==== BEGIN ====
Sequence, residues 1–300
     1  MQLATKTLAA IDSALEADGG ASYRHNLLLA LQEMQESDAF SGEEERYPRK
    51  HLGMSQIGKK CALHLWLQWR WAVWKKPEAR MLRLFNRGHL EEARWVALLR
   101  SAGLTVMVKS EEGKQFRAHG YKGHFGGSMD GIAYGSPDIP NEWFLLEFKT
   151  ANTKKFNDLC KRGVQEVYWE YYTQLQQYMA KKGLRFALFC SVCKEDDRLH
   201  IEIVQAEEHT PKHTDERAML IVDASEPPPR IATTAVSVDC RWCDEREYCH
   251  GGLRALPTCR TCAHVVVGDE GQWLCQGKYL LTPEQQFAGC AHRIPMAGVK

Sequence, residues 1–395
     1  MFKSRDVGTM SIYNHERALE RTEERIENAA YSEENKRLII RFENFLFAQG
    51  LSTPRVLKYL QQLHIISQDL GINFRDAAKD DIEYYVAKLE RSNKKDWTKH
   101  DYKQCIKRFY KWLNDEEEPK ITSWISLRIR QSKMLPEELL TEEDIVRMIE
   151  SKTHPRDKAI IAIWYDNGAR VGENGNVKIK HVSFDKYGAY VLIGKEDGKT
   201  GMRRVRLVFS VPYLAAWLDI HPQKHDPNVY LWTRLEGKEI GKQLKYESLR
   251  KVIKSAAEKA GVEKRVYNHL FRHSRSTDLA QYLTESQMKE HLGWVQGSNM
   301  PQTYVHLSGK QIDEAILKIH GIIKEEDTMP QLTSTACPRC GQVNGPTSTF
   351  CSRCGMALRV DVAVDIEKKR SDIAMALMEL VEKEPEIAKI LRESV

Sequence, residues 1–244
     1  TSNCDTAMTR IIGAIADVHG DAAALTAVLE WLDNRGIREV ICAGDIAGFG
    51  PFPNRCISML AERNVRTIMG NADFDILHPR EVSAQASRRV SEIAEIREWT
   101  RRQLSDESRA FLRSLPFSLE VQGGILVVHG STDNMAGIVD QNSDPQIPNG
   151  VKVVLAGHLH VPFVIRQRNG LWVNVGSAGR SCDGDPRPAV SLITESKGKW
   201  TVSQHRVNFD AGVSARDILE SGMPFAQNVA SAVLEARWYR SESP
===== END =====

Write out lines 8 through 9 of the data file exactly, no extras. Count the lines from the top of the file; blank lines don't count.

Sequence, residues 1–395
     1  MFKSRDVGTM SIYNHERALE RTEERIENAA YSEENKRLII RFENFLFAQG